In a two-to-one vote in a May 11 business meeting, the Douglas County commissioners approved a resolution attempting to reject the state’s latest update to the mask mandate.
The resolution …
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In a 2-1 vote in a May 11 business meeting, the Douglas County commissioners approved a resolution attempting to reject the state’s latest update to the mask mandate.
The resolution states that the board will “not require masks or mandate proof of vaccination for the use of any board controlled indoor space,” according to the resolution.
The implications of this resolution, which is out of step with a state public health order, are somewhat unclear.
Gov. Jared Polis' order, which was put in place May 2 and lasts until at least June 2, stated that masks could be removed indoors in select situations, including if 80% of people present were vaccinated. That rule appears to be based on an “honor code” system where customers volunteer their status without necessarily showing a proof of vaccination card, said Dr. John Douglas, head of Tri-County Health Department.
Commissioner Lora Thomas was the dissenting vote in the resolution. In her public comments, she stated that while she doesn’t like masks, she doesn’t think it’s a good idea for the county to tell residents they don’t need to follow a state mandate.
“There is going to be even more confusion in Douglas County about when someone does need to wear a mask and when they don’t,” she said. “Commissioners do not have the ability to legally override that of the governor.”
Commissioners George Teal and Abe Laydon, who approved the resolution, focused on the improving COVID-19 metrics in the county, such as high vaccination rates and low hospitalizations, in their public comments.
“Enough is enough, the pandemic is over,” Laydon said.
Laydon added that the 80% rule would create confusion and difficulties for businesses, who would be charged with determining how many people in their space have been vaccinated.
“I really believe it is time for us to take this stand,” Teal said.
One part of the resolution clarifies that the resolution only states that no retributions will come from the county.
"The board does not wish to mislead any person or business with regard to how the state may wish to enforce or not enforce its Mask Order and that repercussions from the state could ensue," according to the resolution.
Thomas also expressed concern for the implications of this resolution for county departments and local businesses who wish to follow the state mandate. Some county officials, who reached out to the board expressing concern over the resolution, said they hadn't been aware of the commissioners vote until very recently, Thomas said.
Merlin Klotz, the county clerk and recorder, was one of those officials. While Klotz believes that, based on the local COVID-19 data, there is minimal need for mask-wearing, he still plans to require it for his approximate 100 employees and “strongly encourage” it for the public, he said in an interview with Colorado Community Media.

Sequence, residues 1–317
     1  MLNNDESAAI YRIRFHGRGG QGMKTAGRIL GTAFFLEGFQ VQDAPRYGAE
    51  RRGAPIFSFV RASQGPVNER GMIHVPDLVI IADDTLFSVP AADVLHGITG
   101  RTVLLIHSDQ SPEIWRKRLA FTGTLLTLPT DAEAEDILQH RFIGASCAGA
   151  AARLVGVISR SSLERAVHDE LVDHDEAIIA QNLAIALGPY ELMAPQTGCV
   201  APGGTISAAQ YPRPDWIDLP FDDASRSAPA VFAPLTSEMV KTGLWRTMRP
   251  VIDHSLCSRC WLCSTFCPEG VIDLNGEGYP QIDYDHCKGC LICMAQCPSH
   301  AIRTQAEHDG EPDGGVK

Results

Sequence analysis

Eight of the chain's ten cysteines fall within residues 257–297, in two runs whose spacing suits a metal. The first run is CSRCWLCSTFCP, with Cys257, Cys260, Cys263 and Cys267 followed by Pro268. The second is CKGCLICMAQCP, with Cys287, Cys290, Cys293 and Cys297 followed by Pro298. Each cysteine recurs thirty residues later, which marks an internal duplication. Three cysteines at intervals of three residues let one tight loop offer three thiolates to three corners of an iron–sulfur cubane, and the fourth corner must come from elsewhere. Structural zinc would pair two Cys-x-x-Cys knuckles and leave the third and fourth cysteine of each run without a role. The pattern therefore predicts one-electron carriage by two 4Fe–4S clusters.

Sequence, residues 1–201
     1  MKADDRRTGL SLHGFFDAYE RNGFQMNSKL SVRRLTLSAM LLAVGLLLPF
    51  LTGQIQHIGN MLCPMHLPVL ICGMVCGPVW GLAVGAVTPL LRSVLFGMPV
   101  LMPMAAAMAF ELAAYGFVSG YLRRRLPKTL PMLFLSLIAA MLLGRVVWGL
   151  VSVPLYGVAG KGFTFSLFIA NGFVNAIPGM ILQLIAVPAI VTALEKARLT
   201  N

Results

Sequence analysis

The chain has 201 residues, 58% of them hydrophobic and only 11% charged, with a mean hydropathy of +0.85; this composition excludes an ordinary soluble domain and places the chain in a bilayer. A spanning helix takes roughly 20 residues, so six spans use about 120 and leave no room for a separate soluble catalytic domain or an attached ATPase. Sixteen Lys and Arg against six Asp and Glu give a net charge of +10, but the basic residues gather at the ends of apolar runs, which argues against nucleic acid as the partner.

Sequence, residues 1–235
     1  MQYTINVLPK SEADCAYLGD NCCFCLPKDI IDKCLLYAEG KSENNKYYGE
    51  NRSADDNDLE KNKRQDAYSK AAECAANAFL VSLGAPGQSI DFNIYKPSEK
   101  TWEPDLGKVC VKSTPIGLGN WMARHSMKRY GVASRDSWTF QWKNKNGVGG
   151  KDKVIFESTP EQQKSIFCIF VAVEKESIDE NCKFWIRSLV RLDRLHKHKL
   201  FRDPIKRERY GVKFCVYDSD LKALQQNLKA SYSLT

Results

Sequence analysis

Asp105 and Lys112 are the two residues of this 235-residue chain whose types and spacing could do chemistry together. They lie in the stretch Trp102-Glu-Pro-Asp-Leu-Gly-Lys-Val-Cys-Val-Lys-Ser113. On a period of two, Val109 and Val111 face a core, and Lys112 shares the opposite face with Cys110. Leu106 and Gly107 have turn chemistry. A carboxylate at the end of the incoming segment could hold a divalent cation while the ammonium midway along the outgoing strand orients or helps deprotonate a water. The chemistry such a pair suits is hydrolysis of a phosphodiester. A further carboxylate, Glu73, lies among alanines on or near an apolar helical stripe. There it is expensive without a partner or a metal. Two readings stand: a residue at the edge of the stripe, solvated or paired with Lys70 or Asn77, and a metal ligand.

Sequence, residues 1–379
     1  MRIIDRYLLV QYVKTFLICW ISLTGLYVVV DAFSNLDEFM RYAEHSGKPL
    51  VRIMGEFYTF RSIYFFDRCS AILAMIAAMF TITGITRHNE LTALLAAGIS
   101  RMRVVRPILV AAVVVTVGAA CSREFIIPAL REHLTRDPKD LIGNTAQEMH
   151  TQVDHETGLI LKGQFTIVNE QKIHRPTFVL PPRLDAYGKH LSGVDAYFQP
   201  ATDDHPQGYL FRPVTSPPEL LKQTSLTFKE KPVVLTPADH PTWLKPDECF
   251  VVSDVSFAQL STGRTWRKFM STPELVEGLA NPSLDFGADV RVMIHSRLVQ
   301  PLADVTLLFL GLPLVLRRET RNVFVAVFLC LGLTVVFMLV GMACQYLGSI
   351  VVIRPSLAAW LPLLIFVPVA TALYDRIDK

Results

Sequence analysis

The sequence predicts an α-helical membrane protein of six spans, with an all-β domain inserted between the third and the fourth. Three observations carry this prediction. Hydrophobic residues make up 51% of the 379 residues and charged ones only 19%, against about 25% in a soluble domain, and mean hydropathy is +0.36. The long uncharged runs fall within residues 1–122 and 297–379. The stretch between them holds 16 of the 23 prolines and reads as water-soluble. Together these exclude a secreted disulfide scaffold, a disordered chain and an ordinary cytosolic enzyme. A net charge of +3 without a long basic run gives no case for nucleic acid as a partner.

“From my perspective as a department head (and) as an elected official, my people and the public do not know that data,” he said. “The public doesn’t know these facts so to put this out as a policy is too abrupt.”
In the business meeting, Laydon proposed an amendment to the initial resolution, which originally said that the entire county no longer required mask wearing. Instead, the board decided to change the language to say the board would not require masks in any of the indoor spaces they operate.
The health and human services and assessor's offices will also continue to require mask-wearing, according to a county spokesperson.
"I will continue to follow state law," said Lisa Frizell, the county assessor, in a statement through a county spokesperson. "I am committed to the safety of my employees who are public servants working directly with customers just as I'm committed to the safety of our customers transacting business with the Assessor's Office."
Teal added in his public comments that the idea behind the resolution is to give residents and businesses the freedom to choose for themselves.
“If you believe that is what is needed for you to look after your own health, by all means, please wear a mask,” he said. “If you do not wish to wear a mask, don’t wear a mask.”
Douglas of Tri County said his concern is that the resolution could confuse residents about an already confusing situation.
The mask mandate is a part of a state public health order, which is not a discretionary thing that a county can opt out of, Douglas said.
“If residents of the county have been confused, I don’t think this helps that confusion,” Douglas said.
Douglas agrees that the state’s latest mask order was extremely confusing and that it’s already not heavily-enforced, Douglas said.
Tri-County, which is charged with that enforcement, takes complaints they hear from the public and contacts entities to ask if they have enforced mask-wearing and tried to remedy any situation where it hasn’t taken place, Douglas said.
Barring complaints from the public on the county’s decision not to enforce mask wearing, Tri-County would discuss “appropriate steps” with the state health department before taking any action against the county, Douglas said.
The other situations in which masks can be removed include if there are nine or fewer people present and if a restaurant’s staff has an 85% vaccination rate, the workers can remove masks. In that scenario, customers are still required to wear masks indoors.
“I think we ought to be talking about vaccines,” Douglas said. “And how to get as many people vaccinated as possible.”
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